This is from an advance review copy for which I thank the publisher.
"the abdomen twinges, back acne" - not sure if that really should be acne, or back ache. Maybe it’s acne, but I just thought I’d mention it! If it had been worded 'acne on your back' it would have been more clear!
“hormoneinduced” is two words, but Amazon's crappy Kindle conversion process once again screwed up this book every chance it got, introducing random new line insertions, running lines together when they should have been separate, and so on, Once again I recommend avoiding Amazon at all costs. Publish your book somewhere where they have w system that doe into mangle text, or output it as a PDF file.
Subtitled "Stories of Infertility and Pregnancy Loss" this book, edited by Allison McDonald Ace, Caroline Starr, and Ariel Ng Bourbonnais, was a depressing but very informative read. It's probably the hardest book I've ever had to read and I had to read it. No one can know what it feels like to go through what these women (and their partners) have gone through unless you yourself have experienced it, but reading this certainly clues in the clueless to what a devastating and life-consuming 'affliction' this can be, especially if, as is the case in some of these stories, the excruciating efforts do not lead to any sort of success.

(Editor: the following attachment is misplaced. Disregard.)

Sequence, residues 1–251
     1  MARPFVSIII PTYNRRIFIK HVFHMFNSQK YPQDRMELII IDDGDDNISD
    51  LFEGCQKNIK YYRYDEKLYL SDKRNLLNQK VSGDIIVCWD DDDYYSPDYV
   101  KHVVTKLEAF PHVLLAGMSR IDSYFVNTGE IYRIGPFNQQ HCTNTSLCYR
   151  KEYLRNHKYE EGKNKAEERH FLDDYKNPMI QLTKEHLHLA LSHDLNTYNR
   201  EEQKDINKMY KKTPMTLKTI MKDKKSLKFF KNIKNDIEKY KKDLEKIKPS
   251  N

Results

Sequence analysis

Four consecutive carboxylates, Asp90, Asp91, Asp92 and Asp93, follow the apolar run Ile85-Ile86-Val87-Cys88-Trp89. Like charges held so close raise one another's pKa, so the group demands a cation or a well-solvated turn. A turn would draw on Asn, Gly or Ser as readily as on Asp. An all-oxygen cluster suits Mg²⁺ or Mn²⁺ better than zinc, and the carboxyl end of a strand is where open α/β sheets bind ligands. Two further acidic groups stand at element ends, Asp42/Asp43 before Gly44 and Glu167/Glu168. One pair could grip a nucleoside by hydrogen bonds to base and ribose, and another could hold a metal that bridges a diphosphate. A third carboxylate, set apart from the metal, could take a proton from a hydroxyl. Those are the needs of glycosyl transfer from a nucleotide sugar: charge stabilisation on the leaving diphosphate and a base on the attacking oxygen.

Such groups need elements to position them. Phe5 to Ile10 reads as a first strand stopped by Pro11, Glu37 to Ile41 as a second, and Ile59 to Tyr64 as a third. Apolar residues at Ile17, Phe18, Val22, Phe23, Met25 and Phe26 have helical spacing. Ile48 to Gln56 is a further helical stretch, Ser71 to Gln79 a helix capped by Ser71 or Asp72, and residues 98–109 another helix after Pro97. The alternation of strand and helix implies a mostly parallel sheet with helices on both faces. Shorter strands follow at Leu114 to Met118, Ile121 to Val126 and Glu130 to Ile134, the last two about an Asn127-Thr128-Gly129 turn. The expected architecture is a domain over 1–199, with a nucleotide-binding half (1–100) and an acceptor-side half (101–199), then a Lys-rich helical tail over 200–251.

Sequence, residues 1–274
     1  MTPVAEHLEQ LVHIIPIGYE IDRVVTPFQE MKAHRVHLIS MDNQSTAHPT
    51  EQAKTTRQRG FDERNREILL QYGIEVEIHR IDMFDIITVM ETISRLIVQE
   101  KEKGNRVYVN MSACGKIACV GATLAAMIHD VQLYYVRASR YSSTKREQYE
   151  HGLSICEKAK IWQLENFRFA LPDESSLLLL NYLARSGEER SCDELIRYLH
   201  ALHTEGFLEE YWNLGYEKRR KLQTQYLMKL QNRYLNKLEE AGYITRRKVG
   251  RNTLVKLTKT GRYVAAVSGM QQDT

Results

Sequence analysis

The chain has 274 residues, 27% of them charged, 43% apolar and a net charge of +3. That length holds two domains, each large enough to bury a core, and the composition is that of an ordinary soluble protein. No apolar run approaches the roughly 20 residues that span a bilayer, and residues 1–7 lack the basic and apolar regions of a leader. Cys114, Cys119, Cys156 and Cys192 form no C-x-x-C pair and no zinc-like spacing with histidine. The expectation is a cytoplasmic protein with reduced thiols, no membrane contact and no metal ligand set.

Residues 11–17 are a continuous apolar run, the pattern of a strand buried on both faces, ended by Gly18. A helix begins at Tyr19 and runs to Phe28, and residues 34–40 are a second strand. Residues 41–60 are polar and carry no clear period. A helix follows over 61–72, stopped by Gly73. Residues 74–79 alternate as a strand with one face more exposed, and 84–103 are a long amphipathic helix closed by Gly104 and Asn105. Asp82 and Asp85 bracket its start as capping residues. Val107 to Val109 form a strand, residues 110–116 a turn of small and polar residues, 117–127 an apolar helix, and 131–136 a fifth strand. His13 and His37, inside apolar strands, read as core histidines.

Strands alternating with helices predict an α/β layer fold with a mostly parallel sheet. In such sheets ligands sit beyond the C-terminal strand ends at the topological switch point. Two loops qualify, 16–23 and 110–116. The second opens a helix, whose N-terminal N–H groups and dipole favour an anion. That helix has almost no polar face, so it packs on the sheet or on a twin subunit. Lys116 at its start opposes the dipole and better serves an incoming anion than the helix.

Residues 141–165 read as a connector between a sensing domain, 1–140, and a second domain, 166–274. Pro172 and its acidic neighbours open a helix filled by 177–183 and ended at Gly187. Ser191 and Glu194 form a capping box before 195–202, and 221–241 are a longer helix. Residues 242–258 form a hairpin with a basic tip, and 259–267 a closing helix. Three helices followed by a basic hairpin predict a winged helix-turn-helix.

I requested this because I did want to understand even if the reading was painful, and at some points felt rather repetitive and even tedious to read because a lot of the stories here tell, in many ways, the same story - the lack of ability to reproduce and the heroic efforts made to overcome it. It’s hard to imagine how that can feel when we so often see a purposefully scary headline telling trumpeting what the teen pregnancy rate is; conversely, we never read of how someone never got pregnant. It’s like another world in some ways, and the pain and feelings of failure and inadequacy which pervade so many stories is hard to read, but I think necessary. That's not the only problem either. When a pregnancy does not go to term, it leaves a woman still pregnant in many regards as biochemistry continues to play havoc with a body that is no longer host to a new life.